WASHINGTON — Before Al Gore and George W. Bush had finished their speeches last Wednesday night, the spinning here had begun. Fast and furious, like an old album spinning at 78 r.p.m., the chatter has been flying by, questioning who the real winners and losers were in this campaign.
This is not exactly a new development. Post-election wrap-up spin is as much a part of Washington blabbery as the weekly who's up and who's down round-table talk. But this year's crop of opinion-shaping carries some additional weight, because this year, after an endless and hopelessly murky campaign, there are some legitimate and complicated issues that go beyond leadership style and cabinet appointments.
How often, for instance, do you hear that the guy who lost the race is actually better off than he would be if he'd won it? Since when does the party running Congress have to yield on their agenda because their candidate will soon be stepping into the Oval Office?
Did Campaign 2000 confuse you? Well, get ready for governing in 2001 - Washington meets Bizarro World, where contradiction and uncertainty will reign.
Right now, it's even unclear who George W.'s biggest opponent will be: the Democrats who will desperately want to make Mr. Bush look foolish so they can recapture Congress, or the Republicans who will try to use this moment to push through all their ideas at the expense of Bush's centrist image.
Whatever anyone tells you about how this city will operate in the next four years is as reliable as a used Yugo. Only time will tell. At the moment there is only one bit of spin you should immediately write off as false.
Al Gore did not win by losing. No matter how you slice it - coming recession, increasing congressional acrimony, the Redskins' struggles - the man would be happier presiding over Washington than sitting back in Tennessee. This was probably Mr. Gore's best chance to win the White House, and whatever you hear now about his return in 2004, remember that four years is a long time. Who knows where he will be in the public's mind and in his life when the next presidential race rolls around?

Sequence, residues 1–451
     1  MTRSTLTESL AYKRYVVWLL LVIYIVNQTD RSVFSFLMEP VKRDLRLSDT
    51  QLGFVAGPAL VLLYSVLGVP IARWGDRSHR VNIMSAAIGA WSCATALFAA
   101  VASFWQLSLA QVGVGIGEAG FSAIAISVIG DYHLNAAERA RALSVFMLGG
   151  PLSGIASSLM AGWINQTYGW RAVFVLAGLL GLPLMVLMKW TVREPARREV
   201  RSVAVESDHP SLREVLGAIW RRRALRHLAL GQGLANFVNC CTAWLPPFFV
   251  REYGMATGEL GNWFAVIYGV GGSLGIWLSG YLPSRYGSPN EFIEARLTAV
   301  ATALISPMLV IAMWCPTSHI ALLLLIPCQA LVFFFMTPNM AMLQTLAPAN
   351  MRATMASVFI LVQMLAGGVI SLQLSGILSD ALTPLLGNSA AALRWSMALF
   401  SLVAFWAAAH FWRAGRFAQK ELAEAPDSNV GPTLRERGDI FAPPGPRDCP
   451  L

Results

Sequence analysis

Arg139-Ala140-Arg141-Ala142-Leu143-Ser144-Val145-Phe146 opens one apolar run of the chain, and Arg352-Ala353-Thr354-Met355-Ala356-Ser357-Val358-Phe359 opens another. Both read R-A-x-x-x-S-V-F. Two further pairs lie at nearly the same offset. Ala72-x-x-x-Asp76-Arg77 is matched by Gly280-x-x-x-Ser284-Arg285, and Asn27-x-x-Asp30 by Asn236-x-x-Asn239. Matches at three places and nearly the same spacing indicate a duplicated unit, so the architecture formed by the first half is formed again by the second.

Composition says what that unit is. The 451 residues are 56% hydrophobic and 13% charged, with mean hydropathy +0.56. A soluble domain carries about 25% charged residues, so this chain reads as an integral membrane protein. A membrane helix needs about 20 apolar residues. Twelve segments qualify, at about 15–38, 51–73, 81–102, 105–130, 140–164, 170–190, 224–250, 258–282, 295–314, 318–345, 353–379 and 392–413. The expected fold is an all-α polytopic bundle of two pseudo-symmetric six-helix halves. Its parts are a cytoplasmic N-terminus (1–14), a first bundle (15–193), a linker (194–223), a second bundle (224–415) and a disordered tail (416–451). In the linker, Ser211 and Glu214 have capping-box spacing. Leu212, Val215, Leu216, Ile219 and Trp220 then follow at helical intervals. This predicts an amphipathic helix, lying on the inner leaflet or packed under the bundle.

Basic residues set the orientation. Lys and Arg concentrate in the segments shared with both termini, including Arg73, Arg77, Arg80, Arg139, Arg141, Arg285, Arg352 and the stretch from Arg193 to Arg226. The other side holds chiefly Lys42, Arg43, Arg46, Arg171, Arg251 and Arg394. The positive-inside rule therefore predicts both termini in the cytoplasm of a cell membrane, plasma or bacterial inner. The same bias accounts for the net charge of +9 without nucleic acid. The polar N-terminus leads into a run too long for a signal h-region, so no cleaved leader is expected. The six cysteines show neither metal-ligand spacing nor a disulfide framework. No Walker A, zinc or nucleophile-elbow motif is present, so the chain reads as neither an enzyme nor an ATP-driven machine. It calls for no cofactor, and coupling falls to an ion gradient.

But as clear as it is that Gore is a loser in this contest, it is not clear who the winners are.
Consider George W. Bush. Some are arguing that the difficult, divided environment Bush has inherited will only serve to help him. As he did in the presidential debates, Bush will benefit from lowered expectations. Furthermore, the current situation plays to all his strengths. He has dealt with "hostile" conditions in Texas and emerged stronger than when he went in. He knows how to work well with others.
There is a certain logic to this, except for two rather major points. First, lowered expectations are fine for a few debates, but they will not hold up for four years of governing.
Second, and more important, Washington is not Austin, and the partisan sniping there can't compare to the 24-hour news-talk argument culture of this city. Playing well with others only works when someone is interested in playing along. And it is starting to look like George W. has walked directly into the middle of a dodge-ball game with both sides looking to score points.
Could congressional Democrats be the winners of the 2000 election?
Well, that's certainly the word on Capitol Hill, at least among hopeful Democrats, who are already talking as if they are certain to retake the House and Senate in 2002. But again, going into 2001, nothing is certain. In this campaign Bush showed he knows how to reach people; and if the Democrats play pure obstructionist, they may find themselves with no gains in two years - or even losses.
So who, if anyone, is the winner of this two-year, multibillion-dollar exercise in democracy and bad television? Well, considering the road ahead, when all the post-election spinning is over, it may be that the real winner of the 2000 election is someone whose name has been left out of the winner-loser chatter.
The real winner in the 2000 election will likely be someone who knows how to navigate between Bush and the Congress. Someone who understands that he or she can't simply stand with one side, but is willing to jump from group to group depending on the issue and make "principled" stands. Someone who is inside the Beltway and inside the institutions, in prime position to take advantage of a rancorous Washington and make himself or herself the "voice of reason."
Hmmm, why are John McCain and Joe Lieberman smiling?
(c) Copyright 2000. The Christian Science Publishing Society